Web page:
From Irish Pedigrees; or the Origin and Stem of the Irish Nation by John O'Hart
Arms: Ar. three bars gemels gu.
59. Lughaidh (or Luy) Maccon, the 113th Monarch of Ireland: son of MacNiadh.
60. Fothach Canaan: his son.
61. MacNiadh [nia]: his son.
62. Breasal: his son.
63. Eochaidh (or Eocha): his son.
64. Conor: his son.
65. Baire: his son.
66. Garran: his son.
67. Aodh (or Hugh) Beag: his son.
68. Echin: his son.
69. Eochaidh Aigneach: his son.
70. Baire ("baire": Irish, a hurling match): his son; a quo O'Baire.
William Fitzphilip Barry got a grant and confirmation from King John, dated 8th November, 1208, of the three cantreds of—1. Olthan, 2. Muscry, 3. Dunegan and Killedy; which Fitzstephen had given his father in the "kingdom of Cork."
1. William Fitzphilip Barry; whose parentage is not mentioned.
2. David: his son; the ancestor of Barry, of Barrymore; was Lord Justice of Ireland, A.D. 1267.
3. Robert: his son.
4. Philip: his son.
5. David (2): his son.
6. Davoc: his son.
7. William Maol: his son.
8. Lawrence: his son.
9. James: his son.
10. Richard: his son.
11. James (2): his son.
12. Richard (2): his son.
13. James (3): his son.
14. David Barry: his son; living A.D. 1170.
 Barry: Of this family was James Barry, the distinguished artist, who was born in Cork in October, 1741; and died in London on the 22nd February, 1806, aged 64; and was interred in St. Paul's, near to his friend Sir Joshua Reynolds.
Another of this family name was John Barry, Commodore, who was born near Tacumshin, co. Wexford, in 1745; he died in September, 1803, and was hurried in Philadelphia. He went to sea at the age of fourteen; and the colony of Pennsylvania became his adopted country. When only twenty five he had risen to be the commander of the Black Prince, one of the finest traders between Philadelphia and London. Early in the War of Independence, he was given a naval command by Congress, and was one of the first to fly the United States flag at sea. In 1777 he was publicy thanked by General Washington, for his valuable services. It is stated that Lord Howe vainly endeavoured to tempt him from his allegiance by the offer of the command of a British ship-of-the-line. In 1778 and 1779, he commanded the Relief, and was accorded the rank of Commodore. From the conclusion of the War until his death, he was constantly occupied in superintending the progress of the United States Navy; and has been called by some naval writers the father of the American Navy.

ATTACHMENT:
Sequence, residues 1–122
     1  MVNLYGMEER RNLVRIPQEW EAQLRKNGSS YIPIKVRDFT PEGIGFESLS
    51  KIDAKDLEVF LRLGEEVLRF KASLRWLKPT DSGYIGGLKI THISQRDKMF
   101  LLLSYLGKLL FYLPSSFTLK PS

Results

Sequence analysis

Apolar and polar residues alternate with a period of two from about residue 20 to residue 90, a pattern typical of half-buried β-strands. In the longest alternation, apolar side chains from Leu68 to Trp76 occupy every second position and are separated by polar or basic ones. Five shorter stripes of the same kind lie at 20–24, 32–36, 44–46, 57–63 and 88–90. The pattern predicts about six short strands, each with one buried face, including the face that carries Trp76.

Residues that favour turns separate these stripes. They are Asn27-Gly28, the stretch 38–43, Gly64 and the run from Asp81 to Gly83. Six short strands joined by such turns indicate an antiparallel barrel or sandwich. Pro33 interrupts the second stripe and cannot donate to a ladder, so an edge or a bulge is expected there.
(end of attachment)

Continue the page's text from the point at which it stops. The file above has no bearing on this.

In Popular Rhymes and Sayings of Ireland (first published in 1924) John J. Marshall examines the origin of a variety of rhymes and sayings that were at one time in vogue around different parts of the country, including those which he recalled from his own childhood in County Tyrone. Numerous riddles, games and charms are recounted, as well as the traditions of the ‘Wren Boys’ and Christmas Rhymers. Other chapters describe the war cries of prominent Irish septs and the names by which Ireland has been personified in literature over the centuries.
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